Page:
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From Barclays to RBS to Goldman Sachs, why foreign banks fail to crack the India story

Foreign banks in India have failed to get a foot in the door and have a puny 4.33% share in total advances. High capital requirements after the 2008 crisis and problems in home markets forced them to retreat in disarray. Private banks in India have filled the white space left by them.
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Joel
24 Feb 2020 5 Mins Read 3 comments
A man cycles past the RBS and Standard Chartered banks in Gurugram. Getty Images
A man cycles past the RBS and Standard Chartered banks in Gurugram.
When the Indian economy was warming up to overseas investments and companies at the turn of the century, a bunch of foreign banks hunkered down with the growing ubiquity of their shiny offices. They were touted to be the next big thing in the Indian banking space. And understandably so — they had professional expertise, unlimited capital, and innovative products.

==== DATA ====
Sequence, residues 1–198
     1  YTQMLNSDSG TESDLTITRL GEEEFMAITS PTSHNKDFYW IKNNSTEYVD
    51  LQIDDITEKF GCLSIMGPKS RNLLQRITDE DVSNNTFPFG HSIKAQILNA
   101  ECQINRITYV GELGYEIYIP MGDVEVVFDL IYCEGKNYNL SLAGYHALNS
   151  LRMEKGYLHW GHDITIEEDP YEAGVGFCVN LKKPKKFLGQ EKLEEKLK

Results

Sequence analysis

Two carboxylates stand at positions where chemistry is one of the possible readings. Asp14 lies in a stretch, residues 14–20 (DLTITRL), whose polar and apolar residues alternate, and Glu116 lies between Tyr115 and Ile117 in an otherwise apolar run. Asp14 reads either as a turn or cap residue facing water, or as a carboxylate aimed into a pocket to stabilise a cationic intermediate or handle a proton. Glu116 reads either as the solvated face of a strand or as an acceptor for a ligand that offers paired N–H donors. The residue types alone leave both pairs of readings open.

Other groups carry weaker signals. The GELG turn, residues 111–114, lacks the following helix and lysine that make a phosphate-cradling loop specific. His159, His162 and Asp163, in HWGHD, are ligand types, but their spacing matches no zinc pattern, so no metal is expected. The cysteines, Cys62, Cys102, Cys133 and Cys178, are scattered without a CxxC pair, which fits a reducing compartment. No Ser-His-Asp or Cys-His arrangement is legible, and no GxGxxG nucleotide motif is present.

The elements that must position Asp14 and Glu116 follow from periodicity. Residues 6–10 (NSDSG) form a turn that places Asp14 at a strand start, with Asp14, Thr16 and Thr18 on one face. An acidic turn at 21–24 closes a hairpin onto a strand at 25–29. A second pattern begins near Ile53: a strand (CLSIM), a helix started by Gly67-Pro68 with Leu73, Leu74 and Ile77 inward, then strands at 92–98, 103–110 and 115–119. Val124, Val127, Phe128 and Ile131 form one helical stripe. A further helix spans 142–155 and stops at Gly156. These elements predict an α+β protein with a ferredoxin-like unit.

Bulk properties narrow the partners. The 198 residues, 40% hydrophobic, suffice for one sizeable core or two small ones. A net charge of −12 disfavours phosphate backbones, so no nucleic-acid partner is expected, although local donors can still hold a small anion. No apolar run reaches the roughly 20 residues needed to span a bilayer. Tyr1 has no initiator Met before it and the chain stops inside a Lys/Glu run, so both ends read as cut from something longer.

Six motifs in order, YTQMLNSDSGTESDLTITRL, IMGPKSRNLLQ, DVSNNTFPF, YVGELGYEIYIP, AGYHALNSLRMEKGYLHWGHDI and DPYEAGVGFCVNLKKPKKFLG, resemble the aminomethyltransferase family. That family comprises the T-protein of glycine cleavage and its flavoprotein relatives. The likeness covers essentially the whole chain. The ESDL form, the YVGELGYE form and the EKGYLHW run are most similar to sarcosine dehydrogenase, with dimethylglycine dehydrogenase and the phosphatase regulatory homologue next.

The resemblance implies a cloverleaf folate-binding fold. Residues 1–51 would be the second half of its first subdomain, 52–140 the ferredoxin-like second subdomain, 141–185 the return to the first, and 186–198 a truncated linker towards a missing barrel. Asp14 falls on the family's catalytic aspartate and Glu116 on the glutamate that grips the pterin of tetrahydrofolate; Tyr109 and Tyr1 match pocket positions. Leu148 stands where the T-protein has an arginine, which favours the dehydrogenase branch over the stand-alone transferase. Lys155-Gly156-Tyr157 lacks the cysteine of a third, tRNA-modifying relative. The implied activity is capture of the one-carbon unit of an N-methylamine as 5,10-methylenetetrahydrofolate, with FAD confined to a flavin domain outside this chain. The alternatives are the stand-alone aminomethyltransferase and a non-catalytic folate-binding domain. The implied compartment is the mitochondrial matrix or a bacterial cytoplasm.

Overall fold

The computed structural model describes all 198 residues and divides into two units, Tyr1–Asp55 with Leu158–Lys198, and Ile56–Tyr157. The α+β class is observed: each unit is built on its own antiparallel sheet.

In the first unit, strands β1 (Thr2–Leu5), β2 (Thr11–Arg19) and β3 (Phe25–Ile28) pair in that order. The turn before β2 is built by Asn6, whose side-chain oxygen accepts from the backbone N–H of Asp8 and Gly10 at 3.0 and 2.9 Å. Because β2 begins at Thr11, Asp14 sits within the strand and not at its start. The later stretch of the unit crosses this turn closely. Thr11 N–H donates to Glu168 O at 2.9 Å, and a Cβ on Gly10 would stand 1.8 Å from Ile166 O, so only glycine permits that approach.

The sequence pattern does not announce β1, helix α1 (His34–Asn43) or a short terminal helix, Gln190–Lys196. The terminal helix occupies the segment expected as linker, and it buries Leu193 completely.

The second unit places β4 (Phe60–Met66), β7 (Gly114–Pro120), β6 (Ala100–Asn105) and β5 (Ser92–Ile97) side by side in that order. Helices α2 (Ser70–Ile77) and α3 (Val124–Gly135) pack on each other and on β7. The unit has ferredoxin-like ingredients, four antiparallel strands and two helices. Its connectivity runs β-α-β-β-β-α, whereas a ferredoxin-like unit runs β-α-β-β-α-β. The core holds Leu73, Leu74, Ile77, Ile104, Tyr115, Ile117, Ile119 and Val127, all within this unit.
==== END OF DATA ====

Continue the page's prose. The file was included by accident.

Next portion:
banking consultant Ashvin Parekh. For foreign banks, it will mean depending on cross-border businesses like mergers and acquisitions or inbound investments into India because a slowdown in the domestic economy means that Indian companies are unlikely to look abroad for purchases. In other words, foreign banks could shrink further in India. ( Graphics by Mohammad Arshad)
When the Indian economy was warming up to overseas investments and companies at the turn of the century, a bunch of foreign banks hunkered down with the growing ubiquity of their shiny offices. They were touted to be the next big thing in the Indian banking space. And understandably so — they had professional expertise, unlimited capital, and innovative products. banking consultant Ashvin Parekh. For foreign banks, it will mean depending on cross-border businesses like mergers and acquisitions or inbound investments into India because a slowdown in the domestic economy means that Indian companies are unlikely to look abroad for purchases. In other words, foreign banks could shrink further in India. ( Graphics by Mohammad Arshad)

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